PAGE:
BBC On The Record - Broadcast: 21.10.01

Interview: JOHN REID MP, Northern Ireland Secretary.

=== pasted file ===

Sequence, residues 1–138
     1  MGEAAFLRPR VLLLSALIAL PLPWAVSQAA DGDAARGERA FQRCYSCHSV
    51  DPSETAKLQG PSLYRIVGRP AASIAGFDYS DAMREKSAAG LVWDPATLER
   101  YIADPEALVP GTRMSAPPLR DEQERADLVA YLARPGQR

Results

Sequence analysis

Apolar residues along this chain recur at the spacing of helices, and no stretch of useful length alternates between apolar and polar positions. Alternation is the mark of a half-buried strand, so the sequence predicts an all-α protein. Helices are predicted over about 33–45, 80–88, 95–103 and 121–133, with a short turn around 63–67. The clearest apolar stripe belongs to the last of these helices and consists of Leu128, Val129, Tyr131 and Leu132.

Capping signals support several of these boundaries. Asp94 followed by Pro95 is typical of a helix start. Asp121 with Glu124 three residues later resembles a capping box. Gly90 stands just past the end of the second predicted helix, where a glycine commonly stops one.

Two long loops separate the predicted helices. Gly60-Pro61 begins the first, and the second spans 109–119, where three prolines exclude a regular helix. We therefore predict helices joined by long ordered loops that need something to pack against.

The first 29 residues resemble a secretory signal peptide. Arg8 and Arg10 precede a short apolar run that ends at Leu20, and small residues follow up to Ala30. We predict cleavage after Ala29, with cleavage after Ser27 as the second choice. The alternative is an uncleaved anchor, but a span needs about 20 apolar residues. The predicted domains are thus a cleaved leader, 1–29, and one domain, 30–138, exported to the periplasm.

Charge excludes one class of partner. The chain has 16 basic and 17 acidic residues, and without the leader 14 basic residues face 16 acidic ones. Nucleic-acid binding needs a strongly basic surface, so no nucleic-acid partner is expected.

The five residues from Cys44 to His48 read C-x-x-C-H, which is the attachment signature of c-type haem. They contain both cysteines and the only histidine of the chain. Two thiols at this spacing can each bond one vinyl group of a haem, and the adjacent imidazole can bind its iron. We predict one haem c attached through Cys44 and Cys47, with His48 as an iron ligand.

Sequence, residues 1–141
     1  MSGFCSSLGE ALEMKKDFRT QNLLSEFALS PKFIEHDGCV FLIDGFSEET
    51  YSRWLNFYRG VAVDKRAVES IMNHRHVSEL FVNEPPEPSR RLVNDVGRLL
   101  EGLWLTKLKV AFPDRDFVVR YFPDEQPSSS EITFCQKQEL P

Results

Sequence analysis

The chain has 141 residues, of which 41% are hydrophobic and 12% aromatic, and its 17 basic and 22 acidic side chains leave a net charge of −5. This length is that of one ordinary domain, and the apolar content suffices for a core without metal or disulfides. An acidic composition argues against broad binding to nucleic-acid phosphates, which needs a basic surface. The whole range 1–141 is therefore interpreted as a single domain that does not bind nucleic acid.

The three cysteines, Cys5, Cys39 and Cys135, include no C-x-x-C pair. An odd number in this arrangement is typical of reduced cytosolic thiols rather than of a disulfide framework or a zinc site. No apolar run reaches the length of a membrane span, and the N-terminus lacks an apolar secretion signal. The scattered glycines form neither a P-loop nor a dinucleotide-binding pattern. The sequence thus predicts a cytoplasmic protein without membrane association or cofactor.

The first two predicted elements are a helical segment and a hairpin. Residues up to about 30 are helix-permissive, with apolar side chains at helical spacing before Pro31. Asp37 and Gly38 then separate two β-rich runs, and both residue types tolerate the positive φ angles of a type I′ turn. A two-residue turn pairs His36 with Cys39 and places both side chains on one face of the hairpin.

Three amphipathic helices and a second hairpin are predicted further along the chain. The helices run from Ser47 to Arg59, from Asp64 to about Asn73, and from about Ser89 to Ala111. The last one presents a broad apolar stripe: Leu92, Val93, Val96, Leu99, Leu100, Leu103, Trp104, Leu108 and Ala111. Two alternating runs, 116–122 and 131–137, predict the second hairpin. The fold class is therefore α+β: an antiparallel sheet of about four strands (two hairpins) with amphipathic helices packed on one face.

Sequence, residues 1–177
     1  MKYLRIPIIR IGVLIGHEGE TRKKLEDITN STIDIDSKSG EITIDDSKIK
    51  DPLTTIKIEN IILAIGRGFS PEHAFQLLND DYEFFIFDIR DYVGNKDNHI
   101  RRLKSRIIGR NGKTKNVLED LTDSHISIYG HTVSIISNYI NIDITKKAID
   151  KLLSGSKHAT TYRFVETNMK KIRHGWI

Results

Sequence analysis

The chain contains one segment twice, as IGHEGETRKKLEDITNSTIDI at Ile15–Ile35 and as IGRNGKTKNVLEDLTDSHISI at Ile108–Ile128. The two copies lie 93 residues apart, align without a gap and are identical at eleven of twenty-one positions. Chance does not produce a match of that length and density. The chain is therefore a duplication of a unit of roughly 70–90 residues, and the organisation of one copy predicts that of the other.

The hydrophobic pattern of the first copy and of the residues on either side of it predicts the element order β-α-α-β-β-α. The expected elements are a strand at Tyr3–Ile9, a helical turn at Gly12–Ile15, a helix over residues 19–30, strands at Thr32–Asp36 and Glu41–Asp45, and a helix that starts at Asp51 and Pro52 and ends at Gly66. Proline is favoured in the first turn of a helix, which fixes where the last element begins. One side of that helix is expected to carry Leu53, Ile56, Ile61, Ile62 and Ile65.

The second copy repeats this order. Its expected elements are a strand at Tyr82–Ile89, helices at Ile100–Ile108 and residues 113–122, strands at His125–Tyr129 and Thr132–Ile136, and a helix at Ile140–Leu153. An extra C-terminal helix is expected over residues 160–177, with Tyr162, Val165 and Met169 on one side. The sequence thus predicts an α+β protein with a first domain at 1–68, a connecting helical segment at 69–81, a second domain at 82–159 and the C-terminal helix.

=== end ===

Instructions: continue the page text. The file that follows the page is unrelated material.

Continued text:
Says there is currently no specified terrorist threat but that the Government is well prepared to respond to any such attack.